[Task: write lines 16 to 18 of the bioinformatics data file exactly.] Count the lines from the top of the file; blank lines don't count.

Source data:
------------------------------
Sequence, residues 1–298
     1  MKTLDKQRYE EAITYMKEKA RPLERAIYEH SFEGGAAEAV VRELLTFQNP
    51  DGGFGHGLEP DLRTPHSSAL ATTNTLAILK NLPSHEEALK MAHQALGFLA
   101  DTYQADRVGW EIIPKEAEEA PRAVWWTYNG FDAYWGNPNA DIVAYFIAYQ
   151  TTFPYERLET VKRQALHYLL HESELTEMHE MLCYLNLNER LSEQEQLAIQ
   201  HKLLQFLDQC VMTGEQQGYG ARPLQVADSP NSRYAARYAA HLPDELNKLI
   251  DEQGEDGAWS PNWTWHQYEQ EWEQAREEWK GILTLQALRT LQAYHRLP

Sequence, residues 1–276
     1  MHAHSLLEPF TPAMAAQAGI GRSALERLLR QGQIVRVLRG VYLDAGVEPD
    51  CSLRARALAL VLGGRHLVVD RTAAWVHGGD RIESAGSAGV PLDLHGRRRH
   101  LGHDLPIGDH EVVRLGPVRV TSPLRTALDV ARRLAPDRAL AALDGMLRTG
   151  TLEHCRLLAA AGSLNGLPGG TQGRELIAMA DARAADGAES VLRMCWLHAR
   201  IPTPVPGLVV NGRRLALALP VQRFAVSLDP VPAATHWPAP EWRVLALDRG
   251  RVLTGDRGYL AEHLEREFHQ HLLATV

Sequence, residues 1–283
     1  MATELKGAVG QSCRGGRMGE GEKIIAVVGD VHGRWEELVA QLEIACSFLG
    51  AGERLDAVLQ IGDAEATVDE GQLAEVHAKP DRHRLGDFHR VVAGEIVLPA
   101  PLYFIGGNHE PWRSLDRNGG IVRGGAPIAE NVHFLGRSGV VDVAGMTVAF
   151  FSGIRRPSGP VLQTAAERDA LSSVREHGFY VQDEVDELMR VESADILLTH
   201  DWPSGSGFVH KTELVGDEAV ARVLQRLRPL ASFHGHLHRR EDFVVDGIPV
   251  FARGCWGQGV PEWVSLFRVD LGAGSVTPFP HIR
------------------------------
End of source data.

     1  MATELKGAVG QSCRGGRMGE GEKIIAVVGD VHGRWEELVA QLEIACSFLG
    51  AGERLDAVLQ IGDAEATVDE GQLAEVHAKP DRHRLGDFHR VVAGEIVLPA
   101  PLYFIGGNHE PWRSLDRNGG IVRGGAPIAE NVHFLGRSGV VDVAGMTVAF